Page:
Halloween. It’s every kid’s dream, but can be difficult when traveling. Where do you go trick or treating? What do we use to piece together costumes?
For us, as a family traveling on bikes, Halloween has provided some wonderful memories. The boys and I were talking about Halloween the other day, and our conversation brought back some real treats. We all agreed our favorite Halloween ever was in Williams, Arizona when the boys were 8.
When we left the Grand Canyon that morning, we knew we had fifty miles to get to Williams. “That shouldn’t be a problem,” we thought. We thought wrong.
As it turned out, it’s uphill from the Grand Canyon to Williams. And we faced a stiff headwind. John, captaining our bicycle built for three pulling a heavy trailer, was struggling. We pedaled a few miles, then John stopped for a break.
“C’mon, Daddy,” the kids urged. “We need to make it to town!”
“We really need to get to Williams,” I told my husband. “It’s Halloween!”
John peeled himself off the ground and climbed back on the bike for another heroic effort. A few miles later, he collapsed on the ground again.
I could see the fatigue in John. The way his eyes glazed over, his shoulders slumped, and his exhausted speech. I knew how hard this was for him, but the boys and I sat around, chomping at the bit to get back on the bikes.
Finally, we three miles to go to town, we passed a National Forest. “If you want, we could stop here,” I said as I pedaled alongside the triple bike. “The boys and I could walk into town from here.” I figured John would just push on in to town – it was only three more miles, after all.
“Are you serious?” he asked as he glanced sideways toward me. “You don’t mind?”
I was stunned. “Ummm…” I stuttered. “We’re close enough now. The boys and I could get into town.”
John ground to a halt and looked off into the forest. “I’m exhausted,” he said. “If you don’t mind, I would love to stop here.”
We pushed our bikes through the brush until we found a good spot for the tent. The boys and I grabbed a daypack and some plastic bags and were off. John would set up camp alone.
It didn’t take long for us to hitch a ride into town, and soon we were wandering the streets of Williams trying to get our bearings.
“Come to our Halloween party!” a witch said. “We’ve got a great party going on here at our church.”
We took her up on her invitation and, an hour later, walked back out with a couple bags full of candy, a plate of cupcakes, and two entire strawberry-rhubarb pies. One would think that was enough junk, but we were just getting started.
For the next two hours, the boys and I wandered the streets of Williams, knocking on doors. At each house, it seemed, they got a whole handful of candy.
It didn’t take long before their bags needed emptying, so we dumped it all into my daypack and they kept going.
Thirty minutes later, we emptied their bags again. My backpack was getting full.
By the time we finally called it quits, my pack was so stuffed we forced candies through a tiny opening in the zipper one by one, and each boy carried a full bag of candy. Plus we had the cupcakes and pies. Oy!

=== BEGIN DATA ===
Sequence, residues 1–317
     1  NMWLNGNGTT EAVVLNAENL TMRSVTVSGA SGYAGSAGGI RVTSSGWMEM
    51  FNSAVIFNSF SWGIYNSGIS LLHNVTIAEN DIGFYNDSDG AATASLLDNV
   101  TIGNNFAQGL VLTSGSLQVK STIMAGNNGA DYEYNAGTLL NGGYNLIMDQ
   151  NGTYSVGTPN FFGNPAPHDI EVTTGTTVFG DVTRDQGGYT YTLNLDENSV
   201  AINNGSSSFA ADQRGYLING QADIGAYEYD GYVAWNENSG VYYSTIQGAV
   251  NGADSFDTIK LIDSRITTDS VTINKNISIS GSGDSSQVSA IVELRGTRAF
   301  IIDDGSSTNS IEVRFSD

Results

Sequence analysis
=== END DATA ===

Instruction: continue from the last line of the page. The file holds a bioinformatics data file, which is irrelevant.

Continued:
And then we faced a dilemma: how would we get back to the tent? We were three miles from “home,” and Daryl was so tired he could barely take another step. Try to walk it? That would take us all night. We headed out to the main road, hoping that someone would stop.
Within a minute of putting out my thumb, a van raced past us, then slammed on their brakes and started backing up. “Where are you going?” they asked.
And so it happened that the three of us climbed into a van full of fairies and princesses and pirates – they lived in a small village and had gone into the city to go trick-or-treating. Three miles later, I told them we needed to get out.
“Here? There’s nothing here!”
I assured them that Daddy was back there somewhere with our bikes and tents, and we climbed out of the van and waved goodbye.
It was pitch black, without a trace of a moon as we followed the dirt road back to a particular sign I had noted on our way out. We turned right, climbed over a rock pile and started counting steps as we stumbled through the woods. Sure enough, right at 227 steps, we found John passed out in the tent, and quickly joined him.
The following morning, with temps way below freezing, we remained curled in our sleeping bags as we sorted the candy and identified favorites. Then we crawled out of the tent and feasted on a “nutritious” breakfast composed of frozen cupcakes and frozen strawberry-rhubarb pie before discovering that our water bottles were frozen solid. Brushing one’s teeth with frozen water is a <erm> challenge.
As we prepare for Halloween a few days away, we remember that night eight years ago with many fond memories. My hope for every other family is that they, too, will create special memories that will be talked about forever.
Here are the boys’ journal entries from that day:
From Davy: We went trick or treating and got lots of candy. First we went to a church that had lots of games. They had a cake walk, bowling, basketball, football, hula hoops contest, and a bean bag race. Outside the church were a balloon popping game and a bounce house. I won a plate of cupcakes and a pie. I also won a bunch of toys. Then we went to the houses. We went to a lot of house. We got more than a backpack full of candy.
From Daryl: We went trick or treating. We got lots of candy. We went to a church. We did a cake walk. Davy won a plateful of cupcakes and a pie. I won a pie. Me and Davy’s candy combined was a backpack full of candy. It has lasted us 2 days so far. It will probably last a long time more.